Q: Can you tell me about a rule that you are not allowed to refinance a home if it was on the real estate market less than 6 months ago? I was told by my lender that since my house was on the market last September (it didn’t sell and I took it off that month) I would be unable to refinance until it was off for 6 months. What is the reasoning for this rule?

A: If you are applying to refinance your primary residence, the lender’s underwriting guidelines provide that the loan will only be given to you if you use the home as your primary residence.

If you have listed the home for sale, the lender has knowledge of your intent to cease using the home as your primary residence and does not want to take the chance that you’ll obtain the loan and then decide to sell or rent the home.

The lender only wants to give you the loan if you will continue to use the property as your primary residence. Also, it’s expensive to underwrite and process the loan, and lenders don’t want to go through the expense of giving you the loan and have you pay it off a short time later.

If six months have gone by after a home has been taken off the market, the lender then can view the prior listing for sale as too far in the past to affect the lender’s underwriting decision. So, the lender can proceed to refinance the home and once again ask you whether you use the home as your primary residence and ask that you confirm that you will continue to use the home as your primary residence after the closing.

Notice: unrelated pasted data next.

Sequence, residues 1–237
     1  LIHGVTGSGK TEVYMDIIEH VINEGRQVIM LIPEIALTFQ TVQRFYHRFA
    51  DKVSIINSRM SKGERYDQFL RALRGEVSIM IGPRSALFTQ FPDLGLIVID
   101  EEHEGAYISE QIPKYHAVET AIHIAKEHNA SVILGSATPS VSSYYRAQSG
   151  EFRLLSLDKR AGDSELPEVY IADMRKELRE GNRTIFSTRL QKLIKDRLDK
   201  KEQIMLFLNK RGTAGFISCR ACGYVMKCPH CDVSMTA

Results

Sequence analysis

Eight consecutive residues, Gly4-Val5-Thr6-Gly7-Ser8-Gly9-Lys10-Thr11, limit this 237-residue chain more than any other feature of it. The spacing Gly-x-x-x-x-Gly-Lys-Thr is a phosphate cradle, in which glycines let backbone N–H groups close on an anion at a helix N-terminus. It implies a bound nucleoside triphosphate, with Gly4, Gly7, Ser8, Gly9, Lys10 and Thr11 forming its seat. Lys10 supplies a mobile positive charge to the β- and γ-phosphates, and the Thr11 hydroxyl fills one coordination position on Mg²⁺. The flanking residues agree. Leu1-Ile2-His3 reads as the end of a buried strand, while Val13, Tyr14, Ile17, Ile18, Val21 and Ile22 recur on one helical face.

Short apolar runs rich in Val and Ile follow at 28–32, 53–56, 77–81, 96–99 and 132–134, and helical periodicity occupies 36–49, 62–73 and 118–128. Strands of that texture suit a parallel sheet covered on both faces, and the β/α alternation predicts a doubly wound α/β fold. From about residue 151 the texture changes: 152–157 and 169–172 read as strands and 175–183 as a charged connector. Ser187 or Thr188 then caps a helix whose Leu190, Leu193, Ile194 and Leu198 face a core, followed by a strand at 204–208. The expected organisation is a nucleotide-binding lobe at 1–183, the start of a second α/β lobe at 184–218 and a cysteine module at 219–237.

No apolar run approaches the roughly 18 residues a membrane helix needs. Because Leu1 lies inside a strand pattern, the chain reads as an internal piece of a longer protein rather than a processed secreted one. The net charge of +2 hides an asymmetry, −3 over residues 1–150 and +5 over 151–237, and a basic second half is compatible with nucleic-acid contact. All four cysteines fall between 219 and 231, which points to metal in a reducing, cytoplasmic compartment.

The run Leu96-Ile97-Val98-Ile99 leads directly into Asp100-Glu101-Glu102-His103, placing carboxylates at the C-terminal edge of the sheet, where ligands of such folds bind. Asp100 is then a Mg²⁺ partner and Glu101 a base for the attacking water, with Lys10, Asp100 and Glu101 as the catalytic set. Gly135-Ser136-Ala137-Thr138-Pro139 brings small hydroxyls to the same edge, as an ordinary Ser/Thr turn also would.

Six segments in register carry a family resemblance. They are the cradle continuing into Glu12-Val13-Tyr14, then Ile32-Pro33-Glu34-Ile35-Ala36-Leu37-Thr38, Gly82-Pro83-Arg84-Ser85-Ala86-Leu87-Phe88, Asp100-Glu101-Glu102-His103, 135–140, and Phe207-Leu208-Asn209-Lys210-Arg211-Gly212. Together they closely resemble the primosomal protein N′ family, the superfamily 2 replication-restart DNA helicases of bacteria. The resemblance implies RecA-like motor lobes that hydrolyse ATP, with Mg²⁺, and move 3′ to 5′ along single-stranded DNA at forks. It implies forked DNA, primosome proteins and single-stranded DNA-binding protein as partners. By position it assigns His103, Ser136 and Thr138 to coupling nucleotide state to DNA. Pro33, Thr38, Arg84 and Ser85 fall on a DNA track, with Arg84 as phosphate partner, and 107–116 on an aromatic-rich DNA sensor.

Given the state of the real estate and financial markets, lenders are being extra careful in evaluating each loan. In past years, some lenders might have decided that a listing of a home close to the application time would not affect the application process, but in today’s market more lenders would view that as a negative.

But you may find that “six months” is not a rule with every lender. Some lenders may be willing to refinance your home if the home has been off the market a shorter period of time.

You should probably call around and talk to at least one other mortgage lender, one mortgage broker and your credit union, if you are a member of one, and find out what their guidelines are for your situation. You might also want to investigate an FHA loan.

If you find out that another lender is willing to assist you in refinancing your property, you might decide to go with that lender and plan to stay in the home for a while.

Jan. 19, 2009.